NS Review – Snipperclips (Switch)
In 2015, a small game development team of two brothers from London – known as SFB Games – showcased a prototype called FriendShapes at EGX. One year later, they found themselves working with Nintendo after holding discussions regarding publishing. Fast forward another year, and the brainchild of brothers Tom and Adam Vian – now called Snipperclips – is an adorable launch title for the Nintendo Switch. This game and its creators have come a long way.
Snipperclips: Cut It Out, Together! was warmly received upon its reveal, quietly gaining support while the behemoth Breath of the Wild stayed in the spotlight for a wider audience. The launch line-up received an understated boost in quality once Snipperclips had been confirmed for March 3rd, and with a respectable £17.99/€19.99 price tag, the game is well worth picking up.
Snipperclips is a level-based puzzle game where players control a couple of paper characters, creatively named Snip and Clip. These characters have the ability to cut each other into specific shapes by standing in front of them; any overlapping parts of the body are removed. Admittedly, it seems a little morbid.
Naturally, that morbidity is downplayed thanks to the delightful visuals. The characters are capable of some rather creative expressions as they go about their tasks while getting cut into shapes. The puzzles themselves hide several amusing sites too. The soundtrack doesn’t stand out, but it’s probably due credit for staying calmly twee as background music.
The players are required to complete various tasks in each level, almost all requiring a bit of body modification to accomplish. Players can rotate their shapes and duck or tip-toe to aid with intricate cutting. If a player loses too much of their body, they will re-spawn with a full one. It’s also possible to reform of your own accord, and this ability will prove useful for the more strenuous puzzles.
It’s worth noting that Snipperclips can be played solo. A lone player is able switch between Snip and Clip. It’s designed to be winnable in solo mode, although playing with two people is not only highly recommended, but easy to do thanks to having two packed-in controllers. You also get the bonus of vocally discussing your next move with phrases that would sound amusingly questionable without context, such as “Make a hole in me,” and “Get this pencil out of me I’m stuck”
Sadly there is no online functionality, so you can’t play with friends who happen to be on the other side of the world. As a local multiplayer though, it works perfectly.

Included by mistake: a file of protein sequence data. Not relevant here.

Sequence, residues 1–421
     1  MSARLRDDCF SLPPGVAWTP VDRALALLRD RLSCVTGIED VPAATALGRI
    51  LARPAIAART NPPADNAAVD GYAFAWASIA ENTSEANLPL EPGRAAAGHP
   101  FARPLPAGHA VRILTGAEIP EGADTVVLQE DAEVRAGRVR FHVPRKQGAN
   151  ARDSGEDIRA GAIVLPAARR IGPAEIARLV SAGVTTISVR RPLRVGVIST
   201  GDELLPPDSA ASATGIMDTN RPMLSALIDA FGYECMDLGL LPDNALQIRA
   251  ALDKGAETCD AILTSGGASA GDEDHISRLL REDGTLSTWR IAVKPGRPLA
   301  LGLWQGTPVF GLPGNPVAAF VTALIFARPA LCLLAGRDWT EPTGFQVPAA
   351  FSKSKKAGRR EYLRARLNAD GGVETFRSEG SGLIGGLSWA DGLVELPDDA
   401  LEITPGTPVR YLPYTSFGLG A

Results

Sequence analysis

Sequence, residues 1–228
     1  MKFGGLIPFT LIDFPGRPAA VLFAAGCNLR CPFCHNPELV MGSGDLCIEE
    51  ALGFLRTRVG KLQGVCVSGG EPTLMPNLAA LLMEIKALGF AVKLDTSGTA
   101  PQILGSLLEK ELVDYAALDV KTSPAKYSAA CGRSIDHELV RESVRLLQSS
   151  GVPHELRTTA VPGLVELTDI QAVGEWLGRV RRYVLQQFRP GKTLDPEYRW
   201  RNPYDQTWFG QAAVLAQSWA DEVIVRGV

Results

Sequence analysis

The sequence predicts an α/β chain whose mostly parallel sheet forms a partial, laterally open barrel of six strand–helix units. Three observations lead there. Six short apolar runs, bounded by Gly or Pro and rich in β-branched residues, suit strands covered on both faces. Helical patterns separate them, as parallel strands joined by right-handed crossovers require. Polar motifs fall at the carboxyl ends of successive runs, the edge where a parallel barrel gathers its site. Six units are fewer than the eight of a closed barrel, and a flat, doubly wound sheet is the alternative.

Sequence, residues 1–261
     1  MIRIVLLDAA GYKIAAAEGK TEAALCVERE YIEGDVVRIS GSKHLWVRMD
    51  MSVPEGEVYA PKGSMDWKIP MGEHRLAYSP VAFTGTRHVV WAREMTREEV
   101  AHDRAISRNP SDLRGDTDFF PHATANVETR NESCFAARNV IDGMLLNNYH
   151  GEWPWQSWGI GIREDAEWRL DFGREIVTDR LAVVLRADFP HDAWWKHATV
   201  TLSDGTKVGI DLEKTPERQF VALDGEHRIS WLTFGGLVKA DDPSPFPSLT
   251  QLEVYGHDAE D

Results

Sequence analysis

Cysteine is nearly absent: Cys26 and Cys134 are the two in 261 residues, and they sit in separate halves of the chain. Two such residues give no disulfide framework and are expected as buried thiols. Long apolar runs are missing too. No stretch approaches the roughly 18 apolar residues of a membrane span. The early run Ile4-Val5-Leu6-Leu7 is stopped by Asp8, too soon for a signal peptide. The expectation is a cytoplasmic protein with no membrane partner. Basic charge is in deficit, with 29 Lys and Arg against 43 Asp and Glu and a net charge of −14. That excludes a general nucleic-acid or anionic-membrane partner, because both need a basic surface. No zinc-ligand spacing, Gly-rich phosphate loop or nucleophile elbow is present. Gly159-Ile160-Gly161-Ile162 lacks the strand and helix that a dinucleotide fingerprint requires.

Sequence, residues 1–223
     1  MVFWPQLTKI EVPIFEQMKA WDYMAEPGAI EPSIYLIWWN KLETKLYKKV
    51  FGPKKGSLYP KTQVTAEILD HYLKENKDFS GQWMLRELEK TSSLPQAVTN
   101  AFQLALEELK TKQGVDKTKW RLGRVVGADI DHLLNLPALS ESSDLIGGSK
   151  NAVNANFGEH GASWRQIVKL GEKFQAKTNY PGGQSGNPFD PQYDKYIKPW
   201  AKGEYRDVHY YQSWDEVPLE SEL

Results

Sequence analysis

It’s very satisfying to see a wide-range of objectives on display. The simplest levels require players to fill in an outline using their own body shapes. Throughout the game players will be required to sharpen pencils, shoot some hoops, transport eggs safely, catch fish, pop balloons, and carry water. This lists only a slice of what’s in store. A lot of puzzles require thinking outside the box, and players need to be sure to observe the entire area to see where they might be needed. Other levels are less tough on the brain and more demanding on the players’ cutting accuracy. The large variety in puzzles keeps the game fresh for the whole journey.
In fact, Snipperclips does feel a tad short. There’s a fine balance for a puzzle-based game to fully explore its concepts without becoming tedious before the credits roll, and while a long play time was never expected, the main 2-player mode only consists of three worlds. There’s plenty of challenge and charm in its brevity, but the puzzle ideas could have been pushed for perhaps another world or two.
Without an addition of timekeeping or scoring, there’s barely reason to replay completed levels. Thankfully the game holds three competitive attractions that increase the longevity. “Duel” is a simple battle to snip your opponents out of existence. The Basketball and Air Hockey games both put a delightful competitive spin on the game’s mechanics, as players can cut into the opponents to hinder them during play.
The pinnacle of puzzling lies in the 4-player co-op mode. Much like the two-player mode, these 4-way puzzles can be played with just two players switching between two characters each. However, it is again highly recommended to take advantage of the player limit if possible. The 4-player puzzles are even more taxing, and it’s highly amusing attempting to get everyone to co-operate even when the solution is made clear. Of course this will be a different experience for everyone, and it’s advised that you don’t act like a player that the other three want to throw their Joy-Con at.
With its endearing aesthetic, engaging puzzles, and amusing mechanics that can be applied to both co-op and competitive games, Snipperclips is a solid launch game for the Nintendo Switch. It takes full advantage of the console’s immediate 2-player capabilities, to the extent that this would be the most ideal game to bundle with the system after 1-2 Switch. Unlike 1-2 Switch though, Snipperclips comes at a more affordable price.
It’s a wonderful Nintendo debut for SFB Games, and this hopefully won’t be the last we see of their talent on the Switch.